Microsoft is the latest company to go after Slack.

A couple weeks after Facebook unveiled its Slack-like messenger service, called Workplace, which allows teams to easily communicate, video call, share files, and stay up to date in one place, Microsoft has unveiled a similar product called Microsoft Teams. Here's what you need to know.

At an event in New York City, Microsoft demoed Microsoft Teams, which it described as a new chat-based workspace in Office 365. It's integrated with Office applications, including Skype, and it uses the Office 365 cloud. Microsoft Teams is also built on Office 365 Group, making it easy for people to move naturally from one collaboration tool to another, Microsoft said.

Teams is about two-way interactions via threaded, persistent chats. Microsoft does not intend to replace Yammer or Skype with it. 

The digital workplace offers threaded chats. Although team conversations are, by default, visible to the entire team, there is the ability to have private discussions. It also works with Skype to offer voice and video conferences. It even supports fun elements like emojis, stickers, GIFs, and custom memes. These features are a big part of why Slack has become the go-to service for teams and workplaces.

But what makes Microsoft Teams different is that Word, Excel, PowerPoint, SharePoint, OneNote, Planner, Power BI, and Delve are all built in, and it's backed by Microsoft Graph, which enables intelligent services. From what we could see in Microsoft's demo, the app has a menu bar on the right that provides access to activity alerts, your chats, teams, meetings, files, and settings.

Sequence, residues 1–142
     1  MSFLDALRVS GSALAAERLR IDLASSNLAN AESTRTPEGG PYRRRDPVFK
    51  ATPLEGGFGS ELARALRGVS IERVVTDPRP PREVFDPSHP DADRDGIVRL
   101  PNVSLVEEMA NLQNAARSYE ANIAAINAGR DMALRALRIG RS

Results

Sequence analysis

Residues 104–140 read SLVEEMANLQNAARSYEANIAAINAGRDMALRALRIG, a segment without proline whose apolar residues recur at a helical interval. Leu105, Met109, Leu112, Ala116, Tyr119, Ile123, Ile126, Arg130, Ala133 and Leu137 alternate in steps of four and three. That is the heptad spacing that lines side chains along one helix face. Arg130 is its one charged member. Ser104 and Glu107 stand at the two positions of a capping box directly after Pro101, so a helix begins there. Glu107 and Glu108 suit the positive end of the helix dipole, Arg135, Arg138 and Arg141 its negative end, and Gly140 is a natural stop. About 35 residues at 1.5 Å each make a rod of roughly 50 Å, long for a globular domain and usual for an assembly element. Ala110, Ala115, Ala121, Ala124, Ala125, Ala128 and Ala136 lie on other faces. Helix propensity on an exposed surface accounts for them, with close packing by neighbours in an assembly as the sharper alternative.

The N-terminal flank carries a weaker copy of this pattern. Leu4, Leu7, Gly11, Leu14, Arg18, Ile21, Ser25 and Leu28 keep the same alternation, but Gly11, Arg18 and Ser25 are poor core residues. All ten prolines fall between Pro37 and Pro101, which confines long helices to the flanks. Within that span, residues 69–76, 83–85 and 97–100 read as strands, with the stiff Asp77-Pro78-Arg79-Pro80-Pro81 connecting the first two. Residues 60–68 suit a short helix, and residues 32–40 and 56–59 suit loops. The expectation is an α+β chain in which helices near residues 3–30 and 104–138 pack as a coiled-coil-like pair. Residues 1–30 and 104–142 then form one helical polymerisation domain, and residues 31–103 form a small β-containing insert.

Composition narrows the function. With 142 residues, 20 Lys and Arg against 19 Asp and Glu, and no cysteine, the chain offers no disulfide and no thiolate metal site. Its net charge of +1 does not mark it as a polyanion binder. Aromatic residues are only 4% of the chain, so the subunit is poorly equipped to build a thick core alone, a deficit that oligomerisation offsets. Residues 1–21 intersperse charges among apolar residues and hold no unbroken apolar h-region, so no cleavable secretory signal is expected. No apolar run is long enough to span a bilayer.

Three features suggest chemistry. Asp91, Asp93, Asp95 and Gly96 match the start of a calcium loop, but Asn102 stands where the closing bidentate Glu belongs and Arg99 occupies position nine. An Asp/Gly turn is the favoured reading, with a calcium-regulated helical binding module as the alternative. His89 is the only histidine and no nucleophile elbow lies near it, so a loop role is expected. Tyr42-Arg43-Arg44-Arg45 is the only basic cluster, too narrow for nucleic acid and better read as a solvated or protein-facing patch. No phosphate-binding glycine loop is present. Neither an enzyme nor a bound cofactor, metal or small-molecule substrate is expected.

From these options, you can engage with team members and access used documents and cloud services.

Microsoft said all data in Microsoft Teams is encrypted in transit and at rest.

Microsoft Teams is compatible with Windows, Mac, Android, iOS, and web platforms - just like other Office 365 apps.

Starting 2 November, Microsoft Teams is available in preview in 181 countries and in 18 languages to commercial customers with Office 365 Enterprise or Business plans. General availability for all customers is expected to roll out in the first quarter of 2017.

Microsoft Teams is currently included the following Office 365 plans: Business Essentials, Business Premium, and Enterprise E1, E3, and E5.

According to ZDNet, Microsoft decided not to make a consumer edition. It has no plans to do a free tier and is building on a base of 85 million paid Office 365 users. If you want to get access to Microsoft Teams in the cheapest way possible, buy the Business Essentials version of Office 365, which costs $5 per user per month (or $60 per user per year). 

Check out the Microsoft Teams website for more details.